The PC beta for Modern Warfare 2 was only online for just over a weekend, but cheat developers quickly managed to create wallhacks anyway, according to videos created by multiple cheat developers.
The news highlights the constant cat and mouse game between cheat developers and the companies that make competitive video games, and shows that Modern Warfare 2 will be no different. Warzone, the massively popular free-to-play battle royale game built on top of Call of Duty’s mainline games, was notoriously overrun by cheaters before publisher Activision and the development studios working on the game introduced a new anti-cheat mechanism called Ricochet.
“I started developing a MW2 beta cheat right away. I was done the same day, the first day of the beta. My users got access once the cheat was complete & tested,” Zebleer, the pseudonymous administrator of Phantom Overlay, a cheat provider that has a long history of selling cheats for Warzone, told Motherboard in an email.
Do you know anything else about cheat developer for Modern Warfare 2? We'd love to hear from you. Using a non-work phone or computer, you can contact Joseph Cox securely on Signal on +44 20 8133 5190, Wickr on josephcox, or email firstname.lastname@example.org.
On Friday in its Telegram channel Phantom Overlay posted a video that appeared to show a player in the Modern Warfare 2 beta being able to view their opponents through walls and other obstacles, a feature commonly known in the cheating world as extra-sensory perception, or ESP. It is also commonly called "wallhacking."
In another Telegram announcement posted the same day, Phantom Overlay said they had added “aim prediction” and “health bars,” and fixed a bug where teammates and dead players were appearing on ESP. In another post, Phantom Overlay claimed that its software is undetected by Modern Warfare 2, meaning that it can allegedly function without the game automatically banning a player for using the software.
Phantom Overlay published another video on Saturday which also showed their alleged ESP product in action.
Zebleer told Motherboard that they will likely have to make some small updates and tweaks to their cheating system when the full game releases. Cheats developed during the beta have a good chance of working on the retail release of the game, though. A person who works in the games industry and has knowledge of anti-cheat systems told Motherboard that “While the game engine has certainly evolved, the similarities are such that porting cheats to the new game is trivial.” The person asked to remain anonymous as they were not allowed to speak to the press.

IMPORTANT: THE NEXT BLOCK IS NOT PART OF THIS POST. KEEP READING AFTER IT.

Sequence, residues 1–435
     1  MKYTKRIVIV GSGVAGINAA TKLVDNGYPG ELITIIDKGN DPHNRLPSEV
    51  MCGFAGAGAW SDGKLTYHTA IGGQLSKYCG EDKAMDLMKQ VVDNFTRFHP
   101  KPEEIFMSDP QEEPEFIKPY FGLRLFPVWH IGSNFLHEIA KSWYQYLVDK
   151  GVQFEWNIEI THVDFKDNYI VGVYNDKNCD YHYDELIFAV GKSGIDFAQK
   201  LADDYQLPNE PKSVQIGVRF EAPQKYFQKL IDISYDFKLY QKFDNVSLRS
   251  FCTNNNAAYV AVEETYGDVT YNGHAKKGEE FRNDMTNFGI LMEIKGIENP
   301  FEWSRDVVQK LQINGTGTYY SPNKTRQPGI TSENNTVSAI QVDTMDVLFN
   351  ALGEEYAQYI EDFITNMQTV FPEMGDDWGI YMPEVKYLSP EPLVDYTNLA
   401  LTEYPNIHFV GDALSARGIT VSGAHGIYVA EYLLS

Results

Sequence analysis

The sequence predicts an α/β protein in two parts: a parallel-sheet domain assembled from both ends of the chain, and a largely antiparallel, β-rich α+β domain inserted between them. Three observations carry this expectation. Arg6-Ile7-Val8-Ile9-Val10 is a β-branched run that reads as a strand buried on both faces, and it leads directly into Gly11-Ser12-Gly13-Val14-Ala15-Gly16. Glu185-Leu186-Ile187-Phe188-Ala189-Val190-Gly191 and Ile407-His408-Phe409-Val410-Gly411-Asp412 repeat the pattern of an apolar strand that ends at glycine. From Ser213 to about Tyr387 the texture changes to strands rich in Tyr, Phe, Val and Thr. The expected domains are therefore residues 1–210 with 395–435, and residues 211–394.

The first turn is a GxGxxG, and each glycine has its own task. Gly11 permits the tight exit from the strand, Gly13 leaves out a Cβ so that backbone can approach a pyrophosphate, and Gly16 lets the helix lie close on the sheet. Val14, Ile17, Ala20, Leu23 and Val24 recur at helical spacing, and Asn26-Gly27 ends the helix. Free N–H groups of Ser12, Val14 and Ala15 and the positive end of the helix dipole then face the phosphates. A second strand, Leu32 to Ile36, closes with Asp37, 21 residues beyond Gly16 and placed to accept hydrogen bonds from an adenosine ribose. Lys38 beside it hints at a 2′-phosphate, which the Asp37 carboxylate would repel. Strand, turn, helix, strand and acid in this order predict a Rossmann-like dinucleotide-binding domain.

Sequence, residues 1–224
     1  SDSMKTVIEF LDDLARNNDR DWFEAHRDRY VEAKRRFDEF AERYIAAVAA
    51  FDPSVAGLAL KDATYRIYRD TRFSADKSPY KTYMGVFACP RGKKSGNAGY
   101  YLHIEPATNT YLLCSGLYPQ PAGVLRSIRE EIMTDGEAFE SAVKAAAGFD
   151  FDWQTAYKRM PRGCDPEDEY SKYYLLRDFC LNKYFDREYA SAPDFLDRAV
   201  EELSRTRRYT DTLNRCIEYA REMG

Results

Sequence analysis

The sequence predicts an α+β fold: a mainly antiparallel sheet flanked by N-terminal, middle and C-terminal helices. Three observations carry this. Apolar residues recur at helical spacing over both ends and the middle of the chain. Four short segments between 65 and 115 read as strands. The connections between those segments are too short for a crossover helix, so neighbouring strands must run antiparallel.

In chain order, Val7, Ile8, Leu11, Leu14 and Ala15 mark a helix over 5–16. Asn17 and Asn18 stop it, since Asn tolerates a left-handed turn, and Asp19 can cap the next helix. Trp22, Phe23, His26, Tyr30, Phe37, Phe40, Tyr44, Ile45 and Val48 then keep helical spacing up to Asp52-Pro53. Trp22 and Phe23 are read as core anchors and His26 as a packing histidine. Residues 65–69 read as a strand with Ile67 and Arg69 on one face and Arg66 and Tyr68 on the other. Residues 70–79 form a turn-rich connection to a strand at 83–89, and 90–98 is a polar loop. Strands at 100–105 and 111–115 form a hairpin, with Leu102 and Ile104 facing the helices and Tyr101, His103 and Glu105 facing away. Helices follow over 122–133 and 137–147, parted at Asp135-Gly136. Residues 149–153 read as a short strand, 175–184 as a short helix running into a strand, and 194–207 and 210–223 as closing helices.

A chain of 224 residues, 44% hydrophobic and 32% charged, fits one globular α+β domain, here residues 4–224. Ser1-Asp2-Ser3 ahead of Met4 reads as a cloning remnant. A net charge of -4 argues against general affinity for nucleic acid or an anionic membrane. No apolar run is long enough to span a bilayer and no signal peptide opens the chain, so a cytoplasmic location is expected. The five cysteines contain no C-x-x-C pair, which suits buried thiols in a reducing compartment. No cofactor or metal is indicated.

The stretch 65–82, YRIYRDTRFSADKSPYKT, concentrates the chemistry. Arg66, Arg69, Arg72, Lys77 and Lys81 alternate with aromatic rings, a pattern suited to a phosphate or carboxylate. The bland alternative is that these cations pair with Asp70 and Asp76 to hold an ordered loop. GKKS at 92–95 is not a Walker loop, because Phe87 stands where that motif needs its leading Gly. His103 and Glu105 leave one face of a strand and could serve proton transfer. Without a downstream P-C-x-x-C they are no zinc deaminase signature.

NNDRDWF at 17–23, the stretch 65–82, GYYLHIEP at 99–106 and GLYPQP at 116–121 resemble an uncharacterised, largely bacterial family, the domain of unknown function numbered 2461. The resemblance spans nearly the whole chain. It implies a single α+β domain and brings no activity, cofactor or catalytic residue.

Zebleer said that the Ricochet anti-cheat system was active during the Modern Warfare 2 beta, but added that “Ricochet will eventually detect many of the cheats that have currently never been detected.” They said they have worked hard to make their system undetectable by Ricochet.
“I will do my best to stay undetected by Ricochet, but I do not expect a detection will never happen. Once a detection occurs, I will have to figure out what was detected & remake that portion of the cheat to restore undetected status. I am ready to do that whenever it is needed,” Zebleer said.
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EngineOwning, another cheat developer, published a video to their Twitter account over the weekend appearing to show their own product in action, although it didn’t seem to be ready for the beta.
“Our MW2 cheat is now done and we’re currently in close testing,” the tweet read. “This means our cheat will be ready when the game launches, with all the features you’d expect.”
The Anti-Cheat Police Department, a researcher who has tracked the cheating ecosystem and who reports offending players, claimed in their own tweet that “Ricochet has this shitty cheat detected they are just a scam operation at this point.”
In January Motherboard reported that Activision took the unusual step of suing and unmasking alleged workers for EngineOwning.
Activision did not respond to a request for comment on cheat developers offering products during the Modern Warfare 2 beta.
Lorenzo Franceschi-Bicchierai contributed reporting.